Should SLC police have power to veto recording initial reports after shooting someone?

Home Law Enforcement Should SLC police have power to veto recording initial reports after shooting someone?
Should SLC police have power to veto recording initial reports after shooting someone?
Murals honor Cindreia Simone Europe, who was run over and killed by a police officer, and other alleged victims of police violence near the corner of 300 West and 800 South in Salt Lake City on Tuesday, Sept. 1, 2020. Kristin Murphy, Deseret News

The following story was written and researched by The Utah Investigative Journalism Project in partnership with The Deseret News.


SALT LAKE CITY — Put yourself in the place of a police officer. You’re responding to a report of a person with a weapon, tensions are high, and as you move in to help you see your colleague fire a weapon, dropping the unidentified stranger to the ground.

Your mind races through what you just saw, and you prepare yourself to give a statement to the supervising officer who arrives at the scene. However, there’s no guarantee that your account will ultimately make it into the public safety statement your supervising officer prepares — that’s up to your colleague who just pulled the trigger.

In Salt Lake City, this is a privilege afforded to officers involved in the shooting of civilians.

In these “officer-involved critical incidents,” either police used deadly force to protect themselves or an innocent civilian — or a trigger was pulled by mistake or reckless judgment. With so much riding on what is often a snap decision, the Salt Lake City Police Department has long negotiated the option for its officers to withhold key information from the official record.

The department’s police manual recommends that when officers respond to a critical incident, the supervising officer take a “public safety statement.” This statement is supposed to be taken from officers who witnessed the shooting or other use of force, and if none are available, then the statement is to be taken from the officer who actually did the shooting.

The statement questions include asking about the number of rounds fired, the direction fired, location of outstanding suspects and location of evidence at the scene. Involved officers are not to be asked any other questions.

But the department manual also states: “It is not a requirement to record the public safety statement, and at the request of the involved officer, it will not be recorded.”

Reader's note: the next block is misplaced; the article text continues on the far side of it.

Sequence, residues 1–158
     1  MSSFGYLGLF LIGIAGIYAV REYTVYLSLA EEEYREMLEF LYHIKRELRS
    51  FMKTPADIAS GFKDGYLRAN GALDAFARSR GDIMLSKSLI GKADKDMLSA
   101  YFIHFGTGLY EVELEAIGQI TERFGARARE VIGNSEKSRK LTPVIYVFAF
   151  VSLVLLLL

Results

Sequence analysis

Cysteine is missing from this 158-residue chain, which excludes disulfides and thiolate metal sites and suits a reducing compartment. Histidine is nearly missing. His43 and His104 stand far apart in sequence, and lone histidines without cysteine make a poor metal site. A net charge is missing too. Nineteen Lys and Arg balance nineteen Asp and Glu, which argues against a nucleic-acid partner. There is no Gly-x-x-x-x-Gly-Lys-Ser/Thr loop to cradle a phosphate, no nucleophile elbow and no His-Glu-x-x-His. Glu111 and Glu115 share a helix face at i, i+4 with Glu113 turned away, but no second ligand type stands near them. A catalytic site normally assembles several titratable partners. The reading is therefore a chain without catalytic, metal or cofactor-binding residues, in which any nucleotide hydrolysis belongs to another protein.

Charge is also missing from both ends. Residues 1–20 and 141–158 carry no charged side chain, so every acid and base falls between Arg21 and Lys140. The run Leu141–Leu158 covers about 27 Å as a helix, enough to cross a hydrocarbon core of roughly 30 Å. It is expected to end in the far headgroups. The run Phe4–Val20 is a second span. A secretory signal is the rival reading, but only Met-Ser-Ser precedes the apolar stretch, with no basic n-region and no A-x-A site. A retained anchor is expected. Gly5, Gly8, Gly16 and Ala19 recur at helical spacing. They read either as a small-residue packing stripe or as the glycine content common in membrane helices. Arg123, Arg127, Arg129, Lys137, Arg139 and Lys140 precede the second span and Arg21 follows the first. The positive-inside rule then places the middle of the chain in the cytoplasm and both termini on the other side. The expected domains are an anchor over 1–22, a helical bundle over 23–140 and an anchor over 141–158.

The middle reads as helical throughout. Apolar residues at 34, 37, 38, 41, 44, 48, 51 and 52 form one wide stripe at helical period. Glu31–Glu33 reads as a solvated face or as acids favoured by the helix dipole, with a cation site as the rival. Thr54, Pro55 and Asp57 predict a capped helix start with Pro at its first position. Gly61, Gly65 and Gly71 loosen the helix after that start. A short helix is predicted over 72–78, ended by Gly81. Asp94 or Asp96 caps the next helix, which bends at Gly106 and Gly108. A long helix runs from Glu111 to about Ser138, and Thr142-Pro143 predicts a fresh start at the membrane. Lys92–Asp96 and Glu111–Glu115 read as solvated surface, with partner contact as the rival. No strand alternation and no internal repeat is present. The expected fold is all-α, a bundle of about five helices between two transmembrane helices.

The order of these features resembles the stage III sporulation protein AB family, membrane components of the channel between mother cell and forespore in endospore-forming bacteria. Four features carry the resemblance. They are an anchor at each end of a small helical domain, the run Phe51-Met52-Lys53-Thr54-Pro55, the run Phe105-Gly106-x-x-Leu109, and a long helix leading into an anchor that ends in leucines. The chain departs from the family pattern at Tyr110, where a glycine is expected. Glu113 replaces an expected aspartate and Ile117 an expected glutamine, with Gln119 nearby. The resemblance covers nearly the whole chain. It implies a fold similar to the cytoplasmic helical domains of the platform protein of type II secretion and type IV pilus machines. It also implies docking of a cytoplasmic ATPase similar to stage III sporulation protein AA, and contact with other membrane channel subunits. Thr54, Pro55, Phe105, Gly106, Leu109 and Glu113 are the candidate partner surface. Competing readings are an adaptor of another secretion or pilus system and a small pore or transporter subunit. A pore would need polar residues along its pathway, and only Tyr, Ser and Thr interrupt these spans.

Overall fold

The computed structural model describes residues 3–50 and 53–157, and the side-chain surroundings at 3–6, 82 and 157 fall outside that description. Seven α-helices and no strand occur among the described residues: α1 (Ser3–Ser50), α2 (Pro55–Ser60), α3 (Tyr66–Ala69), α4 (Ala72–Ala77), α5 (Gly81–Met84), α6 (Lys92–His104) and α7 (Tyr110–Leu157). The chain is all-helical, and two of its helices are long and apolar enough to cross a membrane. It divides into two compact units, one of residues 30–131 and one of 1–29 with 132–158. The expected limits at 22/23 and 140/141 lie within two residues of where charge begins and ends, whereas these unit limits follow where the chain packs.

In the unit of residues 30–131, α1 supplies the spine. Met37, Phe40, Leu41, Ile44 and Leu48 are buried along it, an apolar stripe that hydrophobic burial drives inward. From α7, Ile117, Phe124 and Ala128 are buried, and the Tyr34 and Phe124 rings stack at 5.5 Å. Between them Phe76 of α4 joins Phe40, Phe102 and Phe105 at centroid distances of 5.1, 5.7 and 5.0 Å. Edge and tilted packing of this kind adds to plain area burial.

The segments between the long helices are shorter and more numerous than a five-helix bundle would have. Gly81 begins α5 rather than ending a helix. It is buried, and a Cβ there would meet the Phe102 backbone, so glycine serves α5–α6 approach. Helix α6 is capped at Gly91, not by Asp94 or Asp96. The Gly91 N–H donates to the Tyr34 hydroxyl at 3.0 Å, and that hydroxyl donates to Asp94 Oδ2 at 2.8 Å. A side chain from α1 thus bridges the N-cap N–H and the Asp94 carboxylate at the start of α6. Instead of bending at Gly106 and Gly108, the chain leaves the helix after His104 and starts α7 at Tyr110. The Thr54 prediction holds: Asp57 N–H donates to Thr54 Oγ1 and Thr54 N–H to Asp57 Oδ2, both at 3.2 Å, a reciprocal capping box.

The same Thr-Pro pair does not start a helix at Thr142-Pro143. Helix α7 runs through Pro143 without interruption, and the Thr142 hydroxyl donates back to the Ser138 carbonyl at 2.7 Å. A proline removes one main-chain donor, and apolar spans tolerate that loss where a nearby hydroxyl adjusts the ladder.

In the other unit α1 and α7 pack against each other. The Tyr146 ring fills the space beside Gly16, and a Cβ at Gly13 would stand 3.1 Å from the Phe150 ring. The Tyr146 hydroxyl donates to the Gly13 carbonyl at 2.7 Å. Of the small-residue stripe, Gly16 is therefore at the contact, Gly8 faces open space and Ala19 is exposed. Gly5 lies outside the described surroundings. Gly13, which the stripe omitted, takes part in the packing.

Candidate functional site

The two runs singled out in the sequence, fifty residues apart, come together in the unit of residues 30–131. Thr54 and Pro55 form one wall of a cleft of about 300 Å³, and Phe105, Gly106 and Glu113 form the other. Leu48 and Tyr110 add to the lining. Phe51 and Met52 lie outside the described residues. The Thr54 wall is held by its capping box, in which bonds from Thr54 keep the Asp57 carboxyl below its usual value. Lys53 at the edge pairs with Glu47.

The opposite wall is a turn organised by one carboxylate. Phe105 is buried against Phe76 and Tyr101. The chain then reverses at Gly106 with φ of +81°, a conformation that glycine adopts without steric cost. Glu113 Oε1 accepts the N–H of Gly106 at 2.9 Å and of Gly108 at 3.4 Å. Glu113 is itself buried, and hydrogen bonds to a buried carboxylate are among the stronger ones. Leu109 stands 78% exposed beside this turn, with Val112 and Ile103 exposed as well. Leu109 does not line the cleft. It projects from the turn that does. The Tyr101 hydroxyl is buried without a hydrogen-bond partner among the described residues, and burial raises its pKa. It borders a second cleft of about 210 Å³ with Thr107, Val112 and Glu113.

This perk allows an officer involved in a shooting to veto the recording of the most timely information about a shooting — even if that information is provided by a separate officer who witnessed the shooting but had no part in it. This information then is unavailable for investigators from other jurisdictions assigned to review what happened, and to the district attorney’s office as it determines whether the shooting was legally justified or not.

Police stress that investigators from other jurisdictions inevitably ask the same public safety questions to the officers, but the department’s policy still allows for the very first accounts to be withheld at the request of the involved officer.

For city officials grappling with reforming police policies in the midst of a national crisis over police violence, it raises a concerning question about transparency. For police, like Salt Lake detective Steve Winters, who is also the department’s union representative, the policy is vital to the safety of the public and protecting officers’ constitutional rights against self-incrimination.

“Just because we have a badge on our chest doesn’t mean we give away our constitutional privileges,” Winters says.

Others, like University of Utah law professor Shima Baradaran Baughman, worry this provision could hinder use-of-force investigations and that these types of union agreements are not benefiting the public at large.

“Police unions have nationally been recognized as one of the largest impediments to police reform nationwide,” Baughman says. “In order to reform police, we must examine the relationship between police unions and police departments to determine if unions are serving the public interest.”

Unasked questions

The Utah Investigative Journalism Project filed records requests with the Salt Lake City Police Department seeking the public safety statements collected from four key officer-involved shootings dating back to 2014.

The records indicate the public safety statement is not actually a distinct document, but is in fact something only verbally recorded by a supervisory officer who then decides what to include in the official report, with information potentially withheld at the request of the involved officers.

The reports vary widely, with some supervisory officers providing detailed information about questions asked while others record only a sentence’s worth of information.

In August 2014, Dillon Taylor was shot outside a 7-Eleven store. The fact that he was unarmed drew national attention to the shooting, but the shooting was ruled legally justified in large part due to body camera footage of the officer who fired that seemed to show Taylor turning suddenly and reaching for his waistband as if to draw a weapon. Salt Lake police officer Bron Cruz fired two shots at Taylor, hitting him in the chest and stomach.

The report of the incident from the supervisory officer explains what public safety statement questions were asked.

“I verified with officer Cruz the public safety statement. I asked how many rounds were fired. Officer Cruz responded that two were fired. I asked what direction the rounds went and officer Cruz responded that both rounds struck the suspect. I asked if there was anyone outstanding and officer Cruz said that there wasn’t. At this point, I determined that there was no further danger to the public. I did not ask any further questions.”

Similar information was recorded in reports from the 2017 shooting of Patrick Harmon, shot by police after body camera footage appeared to show Harmon fleeing but then turning and brandishing a knife at officers.